Jillian Shive is one of the best players in Ohio high school history. That’s why she started her career in the Atlantic Coast Conference at Louisville. Now, she’s leading Ohio just a year after being at Louisville.
Shive has been the best attacking player for Ohio this year; she has nine goals. Her goal scoring ability has been crucial because senior Kendall Ballard, who led the Bobcats last season, hasn’t played this year.
Shive’s ability in front of the goal separates her from other players. She thrives in the chaos that often occurs inside the shooting circle.
“She's got really quick hands, so she's able to get into that chaos and make something out of a terrible situation. Whether it’s a shot on goal, she gets a goal or she'll get a corner,” coach Ali Johnstone said.
Ohio did not have a natural center forward on its roster before Shive transferred. The Bobcats lost Maria Russell, who graduated. Russell scored 26 goals in her career.
Shive has stepped into that role and excelled in front of goal, something Louisville coach Justine Sowry could see when she was recruiting Shive.
“Jillian is a pure striker with a nose for the goal,” Sowry said in a news release when Shive signed her National Letter of Intent to Louisville. “Her competitive attitude, feistiness and quick stick work has enabled her to be a viable threat in the circle earning either penalty corners or shots on goal.”
At Louisville, Shive played in 18 of 22 games, but she wasn’t involved in the attack. She only had one shot, which came in a 6-0 win over Ohio.
Shive felt restricted in what she did, and she decided to transfer to find a school at which she would thrive.
“It really came down to — I wanted to be somewhere where I could contribute and make a big difference, and it just wasn't happening at Louisville,” Shive said. “I had to dig deep down and realize what was going to make me happiest and grow as a player.”
The Lebanon, Ohio, native decided to return to her home state and to Ohio University, where her older sister graduated from, to find playing time.
Additionally, she has had more freedom at Ohio in first-year coach Johnstone’s system. Here, Shive gets to play her preferred position.
"I definitely am able to play more of a high forward for Ohio, which I wasn't able to do, and that's more of my type of game,” Shive said. “I like to be up there and press high and irritate the defense and stay up and get the rebounds.”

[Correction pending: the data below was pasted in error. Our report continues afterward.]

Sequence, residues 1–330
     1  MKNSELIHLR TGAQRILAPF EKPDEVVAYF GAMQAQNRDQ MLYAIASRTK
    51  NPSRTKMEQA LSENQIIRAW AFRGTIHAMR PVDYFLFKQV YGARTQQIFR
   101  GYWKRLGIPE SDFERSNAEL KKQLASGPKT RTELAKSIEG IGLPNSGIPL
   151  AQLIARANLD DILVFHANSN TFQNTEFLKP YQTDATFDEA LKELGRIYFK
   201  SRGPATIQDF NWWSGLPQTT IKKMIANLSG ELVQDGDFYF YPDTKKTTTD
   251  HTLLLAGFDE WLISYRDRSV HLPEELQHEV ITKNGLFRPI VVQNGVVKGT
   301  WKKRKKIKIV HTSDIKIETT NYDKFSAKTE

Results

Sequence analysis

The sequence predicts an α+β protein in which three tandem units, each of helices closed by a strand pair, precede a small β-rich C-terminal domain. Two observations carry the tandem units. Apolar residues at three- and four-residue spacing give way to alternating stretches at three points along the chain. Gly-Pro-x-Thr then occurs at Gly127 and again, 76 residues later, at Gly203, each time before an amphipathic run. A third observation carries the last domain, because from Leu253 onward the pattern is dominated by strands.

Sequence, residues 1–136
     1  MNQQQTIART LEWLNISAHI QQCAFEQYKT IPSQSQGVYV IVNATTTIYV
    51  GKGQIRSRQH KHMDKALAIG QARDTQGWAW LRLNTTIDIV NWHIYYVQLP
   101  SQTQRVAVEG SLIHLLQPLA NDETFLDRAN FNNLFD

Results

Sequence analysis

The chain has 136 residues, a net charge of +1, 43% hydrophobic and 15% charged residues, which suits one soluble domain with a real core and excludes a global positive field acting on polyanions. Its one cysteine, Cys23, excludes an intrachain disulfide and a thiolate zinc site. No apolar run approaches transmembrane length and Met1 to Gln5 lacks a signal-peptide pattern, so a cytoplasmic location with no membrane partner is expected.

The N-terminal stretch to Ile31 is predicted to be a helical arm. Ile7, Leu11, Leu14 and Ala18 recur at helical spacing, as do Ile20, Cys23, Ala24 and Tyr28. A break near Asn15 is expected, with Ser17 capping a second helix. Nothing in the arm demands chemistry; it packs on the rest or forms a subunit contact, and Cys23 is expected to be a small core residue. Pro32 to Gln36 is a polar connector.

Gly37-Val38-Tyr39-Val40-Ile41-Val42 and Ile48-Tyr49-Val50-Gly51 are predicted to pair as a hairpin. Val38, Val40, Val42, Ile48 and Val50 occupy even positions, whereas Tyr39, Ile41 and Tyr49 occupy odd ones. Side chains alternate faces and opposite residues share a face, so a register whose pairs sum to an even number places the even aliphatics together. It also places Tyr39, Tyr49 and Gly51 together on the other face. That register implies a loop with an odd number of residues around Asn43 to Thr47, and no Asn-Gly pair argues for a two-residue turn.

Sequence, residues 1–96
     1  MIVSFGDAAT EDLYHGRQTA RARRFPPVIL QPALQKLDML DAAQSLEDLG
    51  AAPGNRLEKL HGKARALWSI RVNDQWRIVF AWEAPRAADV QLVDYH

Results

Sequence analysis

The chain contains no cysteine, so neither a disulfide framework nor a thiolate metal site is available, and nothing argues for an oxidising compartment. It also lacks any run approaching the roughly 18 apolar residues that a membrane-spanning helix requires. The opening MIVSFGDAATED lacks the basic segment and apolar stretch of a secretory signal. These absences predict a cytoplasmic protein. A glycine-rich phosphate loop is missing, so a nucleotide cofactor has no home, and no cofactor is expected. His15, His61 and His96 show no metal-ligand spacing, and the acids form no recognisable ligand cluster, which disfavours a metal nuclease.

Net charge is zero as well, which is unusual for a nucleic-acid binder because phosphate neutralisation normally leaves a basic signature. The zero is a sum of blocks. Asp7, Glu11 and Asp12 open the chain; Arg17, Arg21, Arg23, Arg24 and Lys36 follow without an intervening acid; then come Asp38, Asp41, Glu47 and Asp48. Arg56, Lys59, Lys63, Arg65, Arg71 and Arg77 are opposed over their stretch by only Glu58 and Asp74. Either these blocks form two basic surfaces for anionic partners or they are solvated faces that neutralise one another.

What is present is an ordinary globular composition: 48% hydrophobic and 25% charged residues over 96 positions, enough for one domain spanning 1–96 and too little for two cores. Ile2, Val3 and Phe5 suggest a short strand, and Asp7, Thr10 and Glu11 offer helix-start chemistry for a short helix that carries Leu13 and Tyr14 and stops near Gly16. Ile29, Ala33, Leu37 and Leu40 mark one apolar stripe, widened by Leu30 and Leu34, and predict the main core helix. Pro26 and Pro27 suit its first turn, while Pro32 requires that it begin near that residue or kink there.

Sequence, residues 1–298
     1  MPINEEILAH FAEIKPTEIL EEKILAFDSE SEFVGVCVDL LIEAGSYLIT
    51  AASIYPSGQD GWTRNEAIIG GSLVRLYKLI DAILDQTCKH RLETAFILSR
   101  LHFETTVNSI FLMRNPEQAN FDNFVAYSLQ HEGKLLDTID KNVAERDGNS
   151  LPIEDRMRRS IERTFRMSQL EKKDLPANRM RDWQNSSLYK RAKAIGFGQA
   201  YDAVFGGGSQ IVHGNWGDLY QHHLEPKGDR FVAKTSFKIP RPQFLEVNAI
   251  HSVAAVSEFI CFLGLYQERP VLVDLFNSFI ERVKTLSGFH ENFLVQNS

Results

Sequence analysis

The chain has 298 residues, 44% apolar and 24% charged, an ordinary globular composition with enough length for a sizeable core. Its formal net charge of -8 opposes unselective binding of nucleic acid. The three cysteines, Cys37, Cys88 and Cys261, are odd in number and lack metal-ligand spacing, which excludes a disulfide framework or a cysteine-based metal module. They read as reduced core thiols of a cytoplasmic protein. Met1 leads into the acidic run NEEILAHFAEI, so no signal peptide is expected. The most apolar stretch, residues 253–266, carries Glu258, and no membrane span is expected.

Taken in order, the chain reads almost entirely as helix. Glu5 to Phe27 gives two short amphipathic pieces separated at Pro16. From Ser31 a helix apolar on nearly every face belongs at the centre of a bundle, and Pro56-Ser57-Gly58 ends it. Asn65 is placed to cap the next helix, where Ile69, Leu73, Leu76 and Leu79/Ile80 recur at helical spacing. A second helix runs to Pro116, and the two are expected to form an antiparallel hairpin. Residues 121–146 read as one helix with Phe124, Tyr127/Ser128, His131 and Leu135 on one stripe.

Against UC Davis on Sept. 20, the press used by the Bobcats succeeded. Shive scored the lone goal less than two minutes into the game after stealing the ball from an Aggie backfield player.
The high press the Bobcats use can only work if all the players are working well together. That’s happened on the forward line. Shive is joined on that line by juniors Brittany Keen and Karynne Baker.
She led Ursuline Academy to the Elite Eight all four years and twice to the Final Four while being the All-Southwest Ohio Field Hockey Player of the Year three times. She holds the league records for single-season goals, assists and points.
Additionally, she has the most goals in Ohio high school history.
Shive has experienced international field hockey through three years spent living in Australia as a child. She also played on a club team, where she played for U.S. National Team member and two-time Olympian, Keli Smith-Puzo.
All but three of her 27 shots this year have been on goal, and she’s forcing goalies to make saves. That is in part due to the team’s focus early on getting shots on goal. With that strategy, there is a chance a goal can be scored.
Shive has scored on 33 percent of her shots this year, and she’s been one of the main reasons the team is better attacking than last year.
"She's coming from the ACC, and we're very lucky for her to come from a top program — a top-10 program — to Ohio University,” Johnstone said.
As Shive continues to develop, along with the Bobcats becoming more comfortable with the new system, she could climb into the Ohio record book.